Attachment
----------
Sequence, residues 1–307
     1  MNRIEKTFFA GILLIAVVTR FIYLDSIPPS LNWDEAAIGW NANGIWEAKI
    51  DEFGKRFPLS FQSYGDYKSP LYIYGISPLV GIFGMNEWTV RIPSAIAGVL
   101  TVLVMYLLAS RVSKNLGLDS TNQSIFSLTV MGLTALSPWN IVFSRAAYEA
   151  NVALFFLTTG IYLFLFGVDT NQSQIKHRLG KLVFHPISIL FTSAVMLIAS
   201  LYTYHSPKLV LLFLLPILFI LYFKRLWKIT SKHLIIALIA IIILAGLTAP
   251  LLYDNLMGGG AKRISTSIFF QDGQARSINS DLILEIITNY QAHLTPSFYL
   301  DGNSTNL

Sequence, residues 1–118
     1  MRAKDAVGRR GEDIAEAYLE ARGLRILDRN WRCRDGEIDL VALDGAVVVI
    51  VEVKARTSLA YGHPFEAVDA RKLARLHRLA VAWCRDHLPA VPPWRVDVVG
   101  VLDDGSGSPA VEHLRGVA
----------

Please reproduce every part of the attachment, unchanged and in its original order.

Sequence, residues 1–307
     1  MNRIEKTFFA GILLIAVVTR FIYLDSIPPS LNWDEAAIGW NANGIWEAKI
    51  DEFGKRFPLS FQSYGDYKSP LYIYGISPLV GIFGMNEWTV RIPSAIAGVL
   101  TVLVMYLLAS RVSKNLGLDS TNQSIFSLTV MGLTALSPWN IVFSRAAYEA
   151  NVALFFLTTG IYLFLFGVDT NQSQIKHRLG KLVFHPISIL FTSAVMLIAS
   201  LYTYHSPKLV LLFLLPILFI LYFKRLWKIT SKHLIIALIA IIILAGLTAP
   251  LLYDNLMGGG AKRISTSIFF QDGQARSINS DLILEIITNY QAHLTPSFYL
   301  DGNSTNL

Sequence, residues 1–118
     1  MRAKDAVGRR GEDIAEAYLE ARGLRILDRN WRCRDGEIDL VALDGAVVVI
    51  VEVKARTSLA YGHPFEAVDA RKLARLHRLA VAWCRDHLPA VPPWRVDVVG
   101  VLDDGSGSPA VEHLRGVA